Friday, December 11, 2009

Silly rejections

I just read the form submission I got on my story, Theft of the Seventh Chakra, and the editor took the time to print a note: "Don't skip extra lines between paragraphs." I'm pleased he took the time from his busy schedule to jot down that note -- and sign it -- but he's wrong. There are times when you skip an extra line between paragraphs, but he obviously missed it.

When you are changing points of view, narrators, chapters in a long short story, and denote a time or scene change, you use an extra line between paragraphs. Since the only extra line in my story is between the body of the story and the ending when the main character is dead and the point of view is no longer first person singular, that tells me he at least read the whole story. To pick out that one "mistake" and make a note of it makes me wonder if he was looking for an excuse to reject the story. That's the thing about rejections, as I've told many beginning writers anguishing over rejections, they are completely subjective and sometimes silly.

Editors are just people and they are subject to the same stresses, prejudices and moods as the rest of humanity, although there are some people who would argue that editors are people or even human. Some editors look for a reason to reject a story, like one editor who boasted she had read over 500 stories during the year and found only two worth publishing. She threw out stories when a word was misspelled or a sentence incorrectly published and rejected several stories because the grammar was incorrect. Her rejections had nothing to do with the stories and everything to do with feeling the need to reject everything that came across her desk. It happens. Editors can be very petty and mean. Not all editors are petty and mean every day; sometimes they're just having a bad day. As one friend said this morning when we discussed rejections, an editor can wake up in the morning and decide the minute they put their feet on the floor that they're going to reject everything that comes from a female writer. I'll just add that sometimes an editor will reject everything by writers whose names begin with a specific letter of the alphabet.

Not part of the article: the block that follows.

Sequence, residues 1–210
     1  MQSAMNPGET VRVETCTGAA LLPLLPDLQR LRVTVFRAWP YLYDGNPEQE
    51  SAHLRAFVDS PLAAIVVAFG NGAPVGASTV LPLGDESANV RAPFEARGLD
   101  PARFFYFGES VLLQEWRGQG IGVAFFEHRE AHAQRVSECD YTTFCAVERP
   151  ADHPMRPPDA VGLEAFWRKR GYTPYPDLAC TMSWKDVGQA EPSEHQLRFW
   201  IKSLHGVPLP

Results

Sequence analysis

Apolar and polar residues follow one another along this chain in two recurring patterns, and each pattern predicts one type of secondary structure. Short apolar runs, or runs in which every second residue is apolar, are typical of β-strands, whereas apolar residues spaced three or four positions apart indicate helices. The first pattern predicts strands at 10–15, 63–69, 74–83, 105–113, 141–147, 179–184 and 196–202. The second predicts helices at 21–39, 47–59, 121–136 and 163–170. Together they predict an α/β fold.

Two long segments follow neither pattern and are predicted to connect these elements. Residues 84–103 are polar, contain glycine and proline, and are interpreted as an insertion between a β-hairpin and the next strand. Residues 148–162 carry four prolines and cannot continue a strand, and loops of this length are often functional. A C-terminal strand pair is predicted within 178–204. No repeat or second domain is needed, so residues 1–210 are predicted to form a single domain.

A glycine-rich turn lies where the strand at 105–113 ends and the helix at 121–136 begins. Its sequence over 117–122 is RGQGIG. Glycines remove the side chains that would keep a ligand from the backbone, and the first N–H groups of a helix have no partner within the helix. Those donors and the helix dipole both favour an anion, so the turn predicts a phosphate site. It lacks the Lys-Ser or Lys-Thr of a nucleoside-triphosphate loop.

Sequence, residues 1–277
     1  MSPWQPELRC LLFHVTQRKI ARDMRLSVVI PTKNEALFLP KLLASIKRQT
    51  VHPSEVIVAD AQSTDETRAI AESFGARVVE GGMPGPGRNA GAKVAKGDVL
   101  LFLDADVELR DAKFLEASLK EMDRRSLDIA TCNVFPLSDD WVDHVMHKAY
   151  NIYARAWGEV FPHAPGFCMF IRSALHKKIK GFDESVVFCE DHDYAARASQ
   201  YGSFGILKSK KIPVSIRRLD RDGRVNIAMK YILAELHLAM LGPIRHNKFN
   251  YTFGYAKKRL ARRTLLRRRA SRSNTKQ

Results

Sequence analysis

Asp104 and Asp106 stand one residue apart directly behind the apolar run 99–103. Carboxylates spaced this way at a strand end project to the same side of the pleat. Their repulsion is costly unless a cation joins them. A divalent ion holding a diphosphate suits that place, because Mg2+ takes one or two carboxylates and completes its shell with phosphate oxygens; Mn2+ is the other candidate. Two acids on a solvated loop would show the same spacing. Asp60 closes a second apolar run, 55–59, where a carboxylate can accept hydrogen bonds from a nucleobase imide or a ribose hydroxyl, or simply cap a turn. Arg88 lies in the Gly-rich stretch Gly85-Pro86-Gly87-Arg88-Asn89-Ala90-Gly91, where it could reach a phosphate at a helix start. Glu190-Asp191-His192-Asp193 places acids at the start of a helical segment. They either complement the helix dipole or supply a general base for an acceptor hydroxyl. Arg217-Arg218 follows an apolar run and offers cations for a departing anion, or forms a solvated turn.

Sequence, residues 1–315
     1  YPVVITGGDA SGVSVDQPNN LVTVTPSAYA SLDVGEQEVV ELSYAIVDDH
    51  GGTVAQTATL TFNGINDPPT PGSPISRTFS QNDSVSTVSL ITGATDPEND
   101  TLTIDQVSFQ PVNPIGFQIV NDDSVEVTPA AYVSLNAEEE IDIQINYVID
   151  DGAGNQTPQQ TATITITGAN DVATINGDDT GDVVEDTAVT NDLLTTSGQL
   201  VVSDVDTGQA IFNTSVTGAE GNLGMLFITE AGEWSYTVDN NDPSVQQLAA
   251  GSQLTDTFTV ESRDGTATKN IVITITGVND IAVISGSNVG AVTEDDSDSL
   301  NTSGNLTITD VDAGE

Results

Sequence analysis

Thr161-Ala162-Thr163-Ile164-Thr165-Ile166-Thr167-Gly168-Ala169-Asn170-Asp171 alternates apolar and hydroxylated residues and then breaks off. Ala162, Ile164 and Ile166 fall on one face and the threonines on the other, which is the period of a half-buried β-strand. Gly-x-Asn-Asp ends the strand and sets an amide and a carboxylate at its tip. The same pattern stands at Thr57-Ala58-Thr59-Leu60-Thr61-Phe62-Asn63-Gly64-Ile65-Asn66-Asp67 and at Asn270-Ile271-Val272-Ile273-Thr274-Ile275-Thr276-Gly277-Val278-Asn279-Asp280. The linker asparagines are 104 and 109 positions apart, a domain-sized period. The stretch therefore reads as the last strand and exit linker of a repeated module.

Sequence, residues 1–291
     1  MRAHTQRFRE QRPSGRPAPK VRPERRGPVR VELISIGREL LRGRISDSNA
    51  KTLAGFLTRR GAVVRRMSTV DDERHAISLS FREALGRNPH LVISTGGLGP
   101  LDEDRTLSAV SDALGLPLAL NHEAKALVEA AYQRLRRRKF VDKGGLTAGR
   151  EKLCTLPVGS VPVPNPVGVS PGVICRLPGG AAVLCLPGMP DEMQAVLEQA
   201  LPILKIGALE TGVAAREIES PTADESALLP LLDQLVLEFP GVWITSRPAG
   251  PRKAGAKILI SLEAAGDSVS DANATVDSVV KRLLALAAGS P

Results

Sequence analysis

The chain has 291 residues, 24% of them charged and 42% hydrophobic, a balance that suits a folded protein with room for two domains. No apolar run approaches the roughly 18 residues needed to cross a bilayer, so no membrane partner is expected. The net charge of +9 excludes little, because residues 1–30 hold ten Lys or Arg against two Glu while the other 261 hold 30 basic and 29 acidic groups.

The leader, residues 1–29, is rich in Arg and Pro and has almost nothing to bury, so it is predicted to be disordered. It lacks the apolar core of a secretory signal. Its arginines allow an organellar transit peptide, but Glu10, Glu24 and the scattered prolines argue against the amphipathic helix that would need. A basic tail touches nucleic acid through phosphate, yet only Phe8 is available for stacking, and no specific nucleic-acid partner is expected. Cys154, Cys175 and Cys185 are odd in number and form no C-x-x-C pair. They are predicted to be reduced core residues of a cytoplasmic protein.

"Today I'll reject every writer whose name begins with C." The editor smiles and goes about his work.

Being an editor is hard work, especially when wading through a mountainous slush pile with stories that are unbelievably bad. It's like standing in a perfume shop assaulted by a thousand different smells and having to pick one scent out of the sensory avalanche of smells. Sometimes an editor misses the good ones because there have been so many bad ones that the eyes are swimming and slightly unfocused and the feeling of hope is a far distant dream.

The whole point of this informational rant is that rejection isn't personal 99.9% of the time and it is subjective 99.9% of the time. The only remedy for rejection is to send the story to another magazine or publisher or editor and keep sending it out until you sell it. Keep the work in play, especially if the comments are generic or are silly, like not skipping an extra line between a change of time, point of view, scene, character or chapter.

Maybe if I had used three asterisks between the story and the ending, the editor would have figured out the point of view change and understood the extra line -- or not. My story is going out in the mail this afternoon. I don't take silly comments seriously. Neither should you.

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